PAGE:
In The Charts

*** proving that Bubblegum Music existed! ***


Song Title - Group Name

Date of highest position or Date entered (*) and highest position
(Top 40 position only)


Little Bit O' Soul - The Music Explosion

July (#2)

I Think We're Alone Now - Tommy James & The Shondells
March* (#4)

Mirage - Tommy James & The Shondells
May* (#10)

Beautiful People - Kenny O'Dell
December 16 (#38)



Judy In Disguise (With Glasses) - John Fred and his Playboy Band
January 20 (#1)

Green Tambourine - Lemon Pipers
February 3 (#1)

A Question Of Temperature - The Balloon Farm
February * (#37)

Simon Says - 1910 Fruitgum Co.
March 16 (#4)

Mony Mony - Tommy James & The Shondells
May* (#3)

Yummy Yummy Yummy - Ohio Express
June 22 (#4)

Alice Long (You're Still My Favorite Girlfriend) - Tommy Boyce & Bobby Hart
July* (#27)

Hello, I Love You -The Doors (Just seeing if you're paying attention!)
August 3 (#1)

Down At LuLu's - Ohio Express
August* (#33)

1, 2, 3 Red Light - 1910 Fruitgum Co.
September 21 (#5)

Chewy Chewy - Ohio Express
November* (#15)

Bang-Shang-A-Lang - The Archies
November* (#22)

Quick Joey Small (Run Joey Run) - Kasenetz-Katz Singing Orchestral Circus
November* (#25)

Goody Goody Gumdrops - 1910 Fruitgum Co.
December* (#37)

Crimson & Clover - Tommy James & The Shondells


Cinnamon - Derek
January* (#11)

Crimson And Clover - Tommy James & the Shondells
February 1 (#1)

Dizzy - Tommy Roe
March 15 (#1)

Indian Giver - 1910 Fruitgum Co.
March (#5)

Mercy - Ohio Express
April* (#30)

Gimme Gimme Good Lovin' - Crazy Elephant
April* (#12)

Special Delivery - 1910 Fruitgum Co.
June* (#38)

Moonflight - Vic Venus
August 9 (#38)

Sugar, Sugar - Archies
September 20 (#1)

Tracy - Cuff Links
October 25 (#9)

Make Believe - Wind
October 25 (#28)

Jam Up Jelly Tight - Tommy Roe
December (#8)

Na Na Hey Hey Kiss Him Goodbye - Steam
December 6 (#1)

Sugar On Sunday - The Clique

Venus - Shocking Blue


I Think I Love You - The Partridge Family
November 21 (#1)

The Rapper - The Jaggerz
February* (#2)

Jingle Jangle - The Archies

Who's Your Baby? - The Archies
March* (#40)

Little Green Bag - George Baker Selection
April* (#21)

Hitchin' A Ride - Vanity Fare

Loves Grows Where My Rosemary Goes - Edison Lighthouse

My Baby Loves Lovin'- White Plains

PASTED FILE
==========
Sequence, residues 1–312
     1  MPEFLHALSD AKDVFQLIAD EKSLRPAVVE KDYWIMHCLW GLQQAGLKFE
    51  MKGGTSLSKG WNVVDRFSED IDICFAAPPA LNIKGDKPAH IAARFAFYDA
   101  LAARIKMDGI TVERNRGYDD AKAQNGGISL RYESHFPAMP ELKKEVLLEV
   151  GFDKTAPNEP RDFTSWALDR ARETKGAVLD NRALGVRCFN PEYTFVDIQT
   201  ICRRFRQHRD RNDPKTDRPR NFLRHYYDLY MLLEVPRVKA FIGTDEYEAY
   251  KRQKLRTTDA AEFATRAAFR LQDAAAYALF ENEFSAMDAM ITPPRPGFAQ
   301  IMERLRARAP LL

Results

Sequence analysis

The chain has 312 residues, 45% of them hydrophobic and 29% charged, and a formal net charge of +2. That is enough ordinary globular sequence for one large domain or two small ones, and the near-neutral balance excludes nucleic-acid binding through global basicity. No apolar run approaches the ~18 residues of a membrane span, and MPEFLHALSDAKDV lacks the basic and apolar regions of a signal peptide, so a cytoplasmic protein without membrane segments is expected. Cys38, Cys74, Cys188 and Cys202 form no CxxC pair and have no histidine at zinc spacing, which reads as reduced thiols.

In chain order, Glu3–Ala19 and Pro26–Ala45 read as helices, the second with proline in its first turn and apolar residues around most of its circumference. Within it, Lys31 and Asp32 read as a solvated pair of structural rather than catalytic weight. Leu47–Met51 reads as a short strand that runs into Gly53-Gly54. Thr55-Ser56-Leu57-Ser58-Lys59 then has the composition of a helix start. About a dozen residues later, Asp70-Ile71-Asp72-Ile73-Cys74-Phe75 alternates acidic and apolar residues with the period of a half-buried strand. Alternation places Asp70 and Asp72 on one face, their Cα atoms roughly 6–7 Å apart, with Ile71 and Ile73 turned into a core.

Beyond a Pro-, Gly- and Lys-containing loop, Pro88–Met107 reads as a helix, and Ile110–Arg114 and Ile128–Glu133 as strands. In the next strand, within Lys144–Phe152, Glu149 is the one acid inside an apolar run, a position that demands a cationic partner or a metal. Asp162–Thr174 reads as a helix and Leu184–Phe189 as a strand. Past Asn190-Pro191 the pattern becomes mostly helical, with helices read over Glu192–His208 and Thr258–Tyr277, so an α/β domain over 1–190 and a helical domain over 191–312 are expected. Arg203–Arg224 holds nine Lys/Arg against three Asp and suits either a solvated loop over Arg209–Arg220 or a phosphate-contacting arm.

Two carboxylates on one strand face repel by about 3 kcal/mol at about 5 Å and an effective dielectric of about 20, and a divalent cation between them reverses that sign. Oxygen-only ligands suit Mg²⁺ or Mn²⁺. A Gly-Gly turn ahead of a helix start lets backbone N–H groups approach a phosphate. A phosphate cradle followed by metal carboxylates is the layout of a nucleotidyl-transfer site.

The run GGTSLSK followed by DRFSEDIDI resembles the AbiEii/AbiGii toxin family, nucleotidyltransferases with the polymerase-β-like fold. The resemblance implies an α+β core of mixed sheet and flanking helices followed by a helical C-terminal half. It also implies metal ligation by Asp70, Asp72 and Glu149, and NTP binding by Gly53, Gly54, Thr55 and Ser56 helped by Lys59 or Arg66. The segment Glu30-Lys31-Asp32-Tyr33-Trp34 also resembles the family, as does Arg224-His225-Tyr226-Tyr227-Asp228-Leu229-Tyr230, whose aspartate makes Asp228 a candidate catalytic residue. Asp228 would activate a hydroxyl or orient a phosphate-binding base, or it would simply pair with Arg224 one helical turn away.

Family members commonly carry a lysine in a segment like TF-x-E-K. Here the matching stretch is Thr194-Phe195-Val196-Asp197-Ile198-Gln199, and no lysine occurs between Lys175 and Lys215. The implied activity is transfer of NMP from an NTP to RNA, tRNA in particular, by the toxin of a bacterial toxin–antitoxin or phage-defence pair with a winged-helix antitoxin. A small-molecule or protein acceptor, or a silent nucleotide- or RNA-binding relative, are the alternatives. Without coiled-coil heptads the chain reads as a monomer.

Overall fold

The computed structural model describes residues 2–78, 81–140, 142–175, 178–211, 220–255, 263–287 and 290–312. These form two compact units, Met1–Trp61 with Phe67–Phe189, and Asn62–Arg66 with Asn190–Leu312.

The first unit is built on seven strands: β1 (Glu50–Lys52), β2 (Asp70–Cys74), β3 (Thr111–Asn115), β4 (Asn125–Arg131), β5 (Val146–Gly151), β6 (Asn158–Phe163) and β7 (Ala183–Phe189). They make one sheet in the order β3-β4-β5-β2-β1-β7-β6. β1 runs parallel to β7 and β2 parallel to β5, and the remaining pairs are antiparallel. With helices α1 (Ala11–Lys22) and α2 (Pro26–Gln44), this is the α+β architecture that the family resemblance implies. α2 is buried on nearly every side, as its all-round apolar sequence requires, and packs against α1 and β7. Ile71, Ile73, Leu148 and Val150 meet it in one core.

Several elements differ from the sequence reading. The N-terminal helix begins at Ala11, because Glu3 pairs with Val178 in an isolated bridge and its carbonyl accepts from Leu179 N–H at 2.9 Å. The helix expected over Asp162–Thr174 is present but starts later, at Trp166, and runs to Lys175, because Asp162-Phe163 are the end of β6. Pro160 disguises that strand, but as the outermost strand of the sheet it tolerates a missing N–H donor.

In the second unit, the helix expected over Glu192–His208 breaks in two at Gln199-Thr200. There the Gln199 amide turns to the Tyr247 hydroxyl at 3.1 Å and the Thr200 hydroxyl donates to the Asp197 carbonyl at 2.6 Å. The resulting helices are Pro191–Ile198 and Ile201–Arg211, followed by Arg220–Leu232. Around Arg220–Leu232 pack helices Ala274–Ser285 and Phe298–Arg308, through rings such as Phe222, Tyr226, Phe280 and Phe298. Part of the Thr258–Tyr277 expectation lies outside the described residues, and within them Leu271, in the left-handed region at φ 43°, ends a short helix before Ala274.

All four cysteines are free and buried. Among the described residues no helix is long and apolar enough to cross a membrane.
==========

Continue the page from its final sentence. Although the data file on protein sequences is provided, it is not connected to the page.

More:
Doesn't Somebody Want To Be Wanted - The Partridge Family
February* (#6)

Draggin' The Line - Tommy James
August 7 (#4)

Sweet And Innocent - Donny Osmond


Little Willy - The Sweet
April 21 (#3)


Life Is A Rock (And The Radio Rolled Me) - Reunion

The Show Must Go On - Three Dog Night


Saturday Night - Bay City Rollers
January 3 (#1)

Magic - Pilot


Money Honey - Bay City Rollers
February* (#9)

Rock And Roll Love Letter - Bay City Rollers
May* (#28)

I Only Want To Be With You - Bay City Rollers
September* (#12)


Undercover Angel - Alan O' Day
July 9 (#1)

Black Betty - Ram Jam


Keeping track of how many units of records have been sold is pretty tricky business or, as I like to call it: a scam. With the theory that representing a hot new release as a big seller to attract more sales keeps everyone (record companies, artists, chart "record keepers") happy, the possibility for shenanigans is opened. Enter Billboard. Billboard does not release information easily or cheaply. I can microfiche myself to death to find highest chart positions or simply buy their service. I've done some research for this page, but I quickly realized that my internal scam alert for things such as sales charting was confirmed. For instance, if you simply want to know the total sales of a particular album or single you will find that this information is not readily available. Record companies don't like to reveal this sort of information and chart recorders, like Billboard, have no particular inclination to accurately track this information as long as the chart watching public buys their arbitrary accounting methods. Simply: it's #4 because we say so. Another major factor is that not all singles or album that qualify for an Recording Industry Association of America (RIAA) gold (500,000 units sold for singles) or platinum (1,000,000 sold) award will automatically receive one. In Billboard's book, 'Gold & Platinum Records' by Adam White (1990), he writes that "from the beginning of the awards, it's been up to the individual record company to decide which of the hits should be certified, then apply to the RIAA for that certification." So, the application fee of $275 per title for RIAA members ($425 for non-members) in 1990 is one hurtle all potential chart listees must jump. Not all artists pay this fee. At the time of the writing of his book, White tells that 'Tapestry', Carole King's five million-plus selling album and Pink Floyd's 'Dark Side of the Moon' -- on the charts longer than any album ever -- were never certified gold, platinum or any other medal because their record companies or management simply refused to shell out a few hundred dollars. Because of this principal, a little label called MOTOWN never received a single award until Barry Gordy left well after the labels major hit-producing years. Anyway, a word of caution when reading charts. I will add other listings such as Cashbox as I continue my research.


ANDY would like to thank CLIFF CANYON, SLOWFIST and his new buddy JOEY B for help in researching this page. They put in long hours at the library and -- fittingly -- left bubblegum under the table.